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The Heat's struggles go beyond losing LeBron James

Thanks to a miserable December, the Miami Heat are barely hanging onto a playoff spot in the East.

Chris Humphreys-USA TODAY Sports

For the Miami Heat, 2014 was a year to forget. After the San Antonio Spurs dismantled them in the NBA Finals, LeBron James went back to Cleveland and they started the 2014-15 season at 14-19, it was hoped that 2015 was a chance to start fresh.

Then, in their first game of the new year, the Houston Rockets beat them by 36.

It was an ugly night: The Heat scored just 11 points in the third quarter. The 115-79 loss dropped them to 14-20, which is still good enough for eighth in the Eastern Conference. And while the Heat are in the playoff hunt, the first season without James has been an ugly one.

It didn't start out that way, though. At the end of November, Miami was 9-7 and mid-pack in the East. Then December hit. They dropped 12-of-17 games while inching closer and closer to the lottery.

Losing James was obviously a big hit for the Heat, but a team with Dwyane Wade and Chris Bosh shouldn't be fighting for the eighth playoff spot in the East. Yet that's exactly where they are. Here's why:

December was an awful, awful month.

The Heat weren't playing out of this world in November. They were simply a solid team putting up solid numbers. That being said, the drop in production in December looks even worse. It didn't help that Bosh missed eight games in December with a calf injury.

On the year, Miami has a defensive rating of 107.2, it's the fifth-worst in the league. But in December, it was 108.9 and only the Knicks were worse.

Meanwhile, their offense sputtered as well. Their offensive rating was 104.2 in November, but dropped to 102.6 in December. The biggest drop came from shots behind the arc. The Heat were sixth-worst in the league shooting the deep ball in December at 32.6 percent.

Heat 3-point shooting in December

This came after they shot 39.1 percent in November. That was second in the league for the month, behind only the Golden State Warriors.

Going cold isn't the only thing bringing the Heat down this season.

The defense isn't what it used to be

With James and Wade on the court, Miami's defense was attacking and aggressive. No passing lane was safe. An offense had to speed their game to keep up with the dizzying defense. And it worked. The Heat were stifling on defense.

Their 107.2 defensive rating is up from 102.9 in 2013-14. And teams are shooting the ball much better against this Heat squad. Opponents are hitting 47.3 percent of their shots, it's the third-worst in the league behind the Timberwolves and Lakers. They're also making 37.2 percent of their threes against the Heat, which is fifth-worst in the NBA.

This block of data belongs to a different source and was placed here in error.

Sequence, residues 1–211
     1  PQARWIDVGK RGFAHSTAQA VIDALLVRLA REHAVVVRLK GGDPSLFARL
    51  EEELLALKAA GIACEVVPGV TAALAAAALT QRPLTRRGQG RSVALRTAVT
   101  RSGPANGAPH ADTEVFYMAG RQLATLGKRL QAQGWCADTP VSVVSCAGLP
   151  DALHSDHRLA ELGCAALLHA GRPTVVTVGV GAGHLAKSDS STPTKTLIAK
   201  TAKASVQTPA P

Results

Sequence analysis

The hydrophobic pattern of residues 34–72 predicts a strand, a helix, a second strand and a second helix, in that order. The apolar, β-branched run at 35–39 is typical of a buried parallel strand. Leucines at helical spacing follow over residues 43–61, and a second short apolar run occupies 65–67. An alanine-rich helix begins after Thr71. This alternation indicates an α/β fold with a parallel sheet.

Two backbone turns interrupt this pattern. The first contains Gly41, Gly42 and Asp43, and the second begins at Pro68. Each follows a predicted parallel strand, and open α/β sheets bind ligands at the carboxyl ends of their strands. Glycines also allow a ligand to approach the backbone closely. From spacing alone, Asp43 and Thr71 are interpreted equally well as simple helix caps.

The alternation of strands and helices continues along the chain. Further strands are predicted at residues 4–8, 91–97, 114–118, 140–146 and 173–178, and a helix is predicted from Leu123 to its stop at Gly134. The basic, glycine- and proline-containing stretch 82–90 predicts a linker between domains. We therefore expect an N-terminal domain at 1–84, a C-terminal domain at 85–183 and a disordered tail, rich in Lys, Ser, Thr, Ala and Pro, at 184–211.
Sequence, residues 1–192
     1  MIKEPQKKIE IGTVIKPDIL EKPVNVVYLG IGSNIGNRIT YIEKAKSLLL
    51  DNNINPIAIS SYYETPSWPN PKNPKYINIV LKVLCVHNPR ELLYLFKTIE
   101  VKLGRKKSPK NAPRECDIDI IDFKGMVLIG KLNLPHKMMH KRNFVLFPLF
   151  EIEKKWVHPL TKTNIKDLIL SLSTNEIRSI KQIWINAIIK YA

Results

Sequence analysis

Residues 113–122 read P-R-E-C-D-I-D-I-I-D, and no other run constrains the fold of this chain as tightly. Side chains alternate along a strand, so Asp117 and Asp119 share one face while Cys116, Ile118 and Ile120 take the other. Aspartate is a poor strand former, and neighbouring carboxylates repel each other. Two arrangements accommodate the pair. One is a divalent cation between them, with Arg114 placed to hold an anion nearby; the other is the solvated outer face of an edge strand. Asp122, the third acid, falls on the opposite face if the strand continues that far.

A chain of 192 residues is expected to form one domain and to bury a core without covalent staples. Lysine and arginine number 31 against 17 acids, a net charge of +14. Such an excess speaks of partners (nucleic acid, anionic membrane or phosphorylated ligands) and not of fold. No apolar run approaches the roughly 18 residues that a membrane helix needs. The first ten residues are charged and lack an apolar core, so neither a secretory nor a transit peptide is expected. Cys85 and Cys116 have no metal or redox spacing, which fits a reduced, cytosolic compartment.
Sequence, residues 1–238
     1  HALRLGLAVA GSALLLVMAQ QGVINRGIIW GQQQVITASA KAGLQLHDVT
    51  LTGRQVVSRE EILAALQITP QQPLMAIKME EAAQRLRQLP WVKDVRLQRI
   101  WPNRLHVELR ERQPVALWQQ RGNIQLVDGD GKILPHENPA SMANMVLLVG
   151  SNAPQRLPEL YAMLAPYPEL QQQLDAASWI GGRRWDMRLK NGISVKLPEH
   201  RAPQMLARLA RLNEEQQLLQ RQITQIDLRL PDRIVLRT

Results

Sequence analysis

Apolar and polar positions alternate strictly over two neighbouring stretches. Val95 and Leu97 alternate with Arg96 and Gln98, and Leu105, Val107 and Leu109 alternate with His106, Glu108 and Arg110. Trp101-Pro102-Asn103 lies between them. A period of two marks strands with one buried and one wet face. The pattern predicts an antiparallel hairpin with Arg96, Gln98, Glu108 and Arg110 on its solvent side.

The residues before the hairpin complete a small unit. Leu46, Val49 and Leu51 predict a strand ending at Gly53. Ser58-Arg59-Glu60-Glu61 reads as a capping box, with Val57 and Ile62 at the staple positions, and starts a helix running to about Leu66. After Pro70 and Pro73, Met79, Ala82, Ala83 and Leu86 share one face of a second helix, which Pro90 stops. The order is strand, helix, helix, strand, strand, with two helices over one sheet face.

The attacking defense led to fast break points for the Heat teams with James, but this year's squad isn't scoring nearly as much. They're getting 8.5 steals per game, which is on par with James' Heat teams, but they're not taking advantage in the same way. Only 9.3 percent of their points are coming on the fast break compared to 12.9 percent last year and 11.6 and 13.9 percent in their two championship seasons.

The loss of James has a lot to do with the dip in defense, but it also doesn't help that the remaining stars aren't what they used to be.

Bosh is the key

Bosh and Wade were happy to play second (and third) fiddle to James, and they've both stepped up since James left. Wade looked washed up in the 2014 NBA Finals, but has stepped it up as the Heat's leading scorer. Bosh, who was hampered by a calf injury that kept him out of eight games, has upped his game in 2015, but needs to step it up even more if the Heat are going to turn the season around.

It seemed he was ready to be the star in the first game of the season. Bosh put up 26 points and grabbed 15 rebounds. He hasn't matched those numbers since, though. That isn't to say Bosh is having a bad season. He's averaging 21.1 points and eight rebounds per game with a PER of 21.68. It's his best statistical season with the Heat and nearing the numbers he put up in Toronto. But it's not enough.

The Heat were 3-5 without Bosh in the lineup and are 0-3 since his return from injury. And with Josh McRoberts out for the season, the Heat's presence down low is lacking. Chris Anderson gets minutes, but Bosh's importance on both sides of the court has added importance.

The rest of the Heat roster needs to improve as well. Unless the defensive effort intensifies and they bounce back from their December slump, the Heat aren't making the playoffs in the East.


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